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THE ELIZA M PUSSY GALORE TOP - USING A WALKING FOOT TO SEW CHIFFON

POSTED BY ANGELA ON 23 OCT
I really like the new pattern companies which are appearing and I especially like Eliza M patterns. They have a vintage look but fit today's sizes without the fuss of using and altering a true vintage pattern. This blouse pattern is especially pretty but is very easy to sew - made easier by the clear precise instructions.
For this garment I wanted to use some Chiffon which I bought from Abakhan Fabrics
Chiffon poses some sewing challenges so if you are new to sewing I would recommend choosing a fine cotton lawn instead.

The fabric is very sheer and can  also fray easily so care has to be taken with it. When cutting out use plenty of pins which you have placed inside of the seam allowance to avoid making homes. If it is difficult to tell the right and wrong sides apart it is useful to mark the wrong side of each piece with a small mark, again inside the seam allowance.

Chiffon is very slippery and that alone is a challenge. There are various options when it comes to stitching  the  fabric,  but I chose to use a walking foot. A walking foot does just that, it moves along the fabric with a sort of walking g action, lifting up and down off the fabric. This means that the two layers you are stitching together stay where you place them and do not slip away from each other. A walking foot is a good investment because they can be used when sewing any sort of slippery fabric, for sewing thick fabrics and for quilting. The prices vary according to your machine and they are available from Jaycotts.co.uk on the link HERE  I find that Jaycotts are very helpful and will give impartial advice if you telephone or email them.




This is the walking foot in place on my machine. They are easy to fit and feel no different from your everyday foot, so you need no special technique to use one. As with any new sewing project practise your stitching on a spare piece of fabric first to make sure that your stitch length and tension are correct.

 Another thing you must do is to change your machine needle. For Chiffon you need a very fine needle, I chose a size 8 because it will slide through the fabric very easily. Universal machine needles come in all sizes to suit different fabrics Universal Machine Needles . Universal needles are for general sewing and yes, the correct size really does matter!
Tip - if you find that your machine is skipping stitches think when you last changed your needle, chances are you have an old needle in your machine. They should be changed ideally with every project, but use common sense, sewing a small project will not render your needle redundant straight away.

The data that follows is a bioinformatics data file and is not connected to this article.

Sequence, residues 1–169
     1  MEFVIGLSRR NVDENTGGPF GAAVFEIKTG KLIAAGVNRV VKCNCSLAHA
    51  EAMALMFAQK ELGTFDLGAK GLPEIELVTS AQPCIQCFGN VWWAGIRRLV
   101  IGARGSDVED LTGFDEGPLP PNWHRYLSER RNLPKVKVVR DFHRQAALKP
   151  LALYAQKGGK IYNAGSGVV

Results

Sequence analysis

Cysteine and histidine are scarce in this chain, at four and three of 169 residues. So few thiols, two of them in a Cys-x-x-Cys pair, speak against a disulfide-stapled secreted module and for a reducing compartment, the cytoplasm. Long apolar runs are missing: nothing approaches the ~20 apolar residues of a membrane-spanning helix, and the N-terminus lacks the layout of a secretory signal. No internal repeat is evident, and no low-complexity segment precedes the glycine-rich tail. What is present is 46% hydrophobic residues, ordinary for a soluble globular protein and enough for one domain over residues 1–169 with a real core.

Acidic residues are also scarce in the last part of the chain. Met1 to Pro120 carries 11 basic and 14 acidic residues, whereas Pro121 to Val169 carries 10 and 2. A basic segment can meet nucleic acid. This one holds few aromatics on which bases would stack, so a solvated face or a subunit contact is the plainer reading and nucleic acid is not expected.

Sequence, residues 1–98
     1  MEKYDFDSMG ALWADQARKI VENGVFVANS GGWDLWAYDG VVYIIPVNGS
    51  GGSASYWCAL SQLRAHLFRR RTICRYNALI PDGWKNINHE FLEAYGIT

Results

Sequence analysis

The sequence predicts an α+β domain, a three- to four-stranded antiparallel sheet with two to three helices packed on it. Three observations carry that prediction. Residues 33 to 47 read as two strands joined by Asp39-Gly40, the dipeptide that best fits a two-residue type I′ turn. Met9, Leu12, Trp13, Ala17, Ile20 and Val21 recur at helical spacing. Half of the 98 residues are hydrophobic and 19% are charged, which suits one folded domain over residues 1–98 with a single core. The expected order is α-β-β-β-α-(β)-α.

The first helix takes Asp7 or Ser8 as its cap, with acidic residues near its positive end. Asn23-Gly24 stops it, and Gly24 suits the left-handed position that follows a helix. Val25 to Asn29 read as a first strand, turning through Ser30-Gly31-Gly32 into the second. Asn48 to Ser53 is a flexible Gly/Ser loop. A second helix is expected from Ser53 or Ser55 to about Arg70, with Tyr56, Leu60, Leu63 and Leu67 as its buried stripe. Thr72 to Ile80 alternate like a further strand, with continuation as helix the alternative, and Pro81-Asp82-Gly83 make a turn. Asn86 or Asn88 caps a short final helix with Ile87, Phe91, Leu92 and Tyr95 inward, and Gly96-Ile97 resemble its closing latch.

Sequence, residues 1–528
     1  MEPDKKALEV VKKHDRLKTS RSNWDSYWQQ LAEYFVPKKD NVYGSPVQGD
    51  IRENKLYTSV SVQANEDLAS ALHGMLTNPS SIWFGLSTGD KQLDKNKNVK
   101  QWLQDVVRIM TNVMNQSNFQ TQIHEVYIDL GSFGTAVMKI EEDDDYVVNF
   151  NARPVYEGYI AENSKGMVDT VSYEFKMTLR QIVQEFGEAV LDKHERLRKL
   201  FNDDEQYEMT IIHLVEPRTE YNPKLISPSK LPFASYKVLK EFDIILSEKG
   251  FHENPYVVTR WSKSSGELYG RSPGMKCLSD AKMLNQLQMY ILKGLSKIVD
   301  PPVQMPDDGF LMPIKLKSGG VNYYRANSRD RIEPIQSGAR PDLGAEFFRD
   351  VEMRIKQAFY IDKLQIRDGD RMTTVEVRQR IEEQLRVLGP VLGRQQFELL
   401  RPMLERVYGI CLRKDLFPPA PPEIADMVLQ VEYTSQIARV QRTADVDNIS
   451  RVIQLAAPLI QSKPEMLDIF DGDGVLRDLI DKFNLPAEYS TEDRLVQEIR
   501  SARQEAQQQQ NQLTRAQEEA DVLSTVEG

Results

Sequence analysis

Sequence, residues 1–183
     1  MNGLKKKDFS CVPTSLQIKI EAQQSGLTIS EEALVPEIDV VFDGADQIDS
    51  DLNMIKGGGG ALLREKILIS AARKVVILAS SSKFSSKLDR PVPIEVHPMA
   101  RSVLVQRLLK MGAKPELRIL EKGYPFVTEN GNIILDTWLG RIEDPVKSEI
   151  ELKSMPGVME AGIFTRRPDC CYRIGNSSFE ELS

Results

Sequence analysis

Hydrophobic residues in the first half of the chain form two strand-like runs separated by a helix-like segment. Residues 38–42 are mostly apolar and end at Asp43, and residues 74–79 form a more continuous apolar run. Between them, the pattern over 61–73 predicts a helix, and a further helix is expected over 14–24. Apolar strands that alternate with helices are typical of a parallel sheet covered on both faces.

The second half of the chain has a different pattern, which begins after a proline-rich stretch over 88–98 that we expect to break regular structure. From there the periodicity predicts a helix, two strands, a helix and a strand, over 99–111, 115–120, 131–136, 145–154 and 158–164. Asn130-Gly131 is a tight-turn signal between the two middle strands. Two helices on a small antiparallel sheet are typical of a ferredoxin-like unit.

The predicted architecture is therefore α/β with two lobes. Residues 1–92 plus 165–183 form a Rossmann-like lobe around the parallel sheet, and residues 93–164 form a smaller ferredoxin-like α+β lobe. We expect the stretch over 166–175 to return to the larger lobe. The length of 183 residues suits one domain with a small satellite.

Once you are ready to sew,  choose your thread and practise your stitch until you are satisfied with the result
 Sew and press the darts before doing anything else.



Chiffon cries out for beautiful French seams. They look almost invisible and the inside is as neat as the outside because the raw edges are all encased within the seam. Sewing fine fabrics is one occasion where you would not choose your overlocker. Overlocked seams would be too bulky for this beautiful fine chiffon
To sew a French seam first of all place WRONG sides together and stich a quarter inch seam.

Trim the seam close to the stitching line and press open. Turn the seam right sides together and sew another seam,just over a quarter of an inch wide. This seam will be on the inside and will encase the raw edges. Press carefully and there you have it. French seams are very easy to sew, look elegant, are hard wearing and look almost invisible. What is not to love about them?


Once you have stitched the shoulder seams follow the pattern instructions and work on the sleeves. The sleeves are gathered into a band. To do this run a gathering stitch inside the seam allowance and pull the threads to make the sleeve fit the band.if you then  stitch the band onto the sleeve very close to the gathering thread you will achieve lovely even gathers with no pleats in the fabric.

 This is the sleeve ready to insert into the garment. I find  it easier to  insert sleeves before stitching the side seams, I then  sew the sleeve and garment side seams in one operation. Again I used a French seam.
Continue with the pattern instructions and sew the facings and bow in place. They really are easy to follow and need no extra note from me here.
Another point about chiffon is that it frays so when you are clipping curves etc please do not cut right up to the stitching line.


Jaycotts sell a great selection of sewing tools and accessories. I like this soft grip seam ripper very much, it is a joy to use Prym soft grip seam ripper
I also use these thread snippers which again are by Prym from Jaycotts. I love Haberdashery and highly recommend a browse through all the products available
CUTTING AND MEASURING TOOLS




Once you have sewn the top together and finished the hem,it is time to consider buttonholes. I chose some small shell buttons Shell buttons
When working buttonholes it is always better to practise on some spare fabric which has also been Interfaced, when I practised my buttonholes I was expecting to have to put some stabiliser underneath the area but I did not need to as the interfacing made the area firm enough not to pucker as I stitched the buttonholes.

This is the finished top, it is so pretty don't you think?  And very practical as it can be worn on its own or underneath a fine pullover



The darts in the back give the blouse a really flattering shape. 


The sleeves are very feminine and are very pretty. This is a very nice pattern to work with, and  I can see me making it again in various fabrics.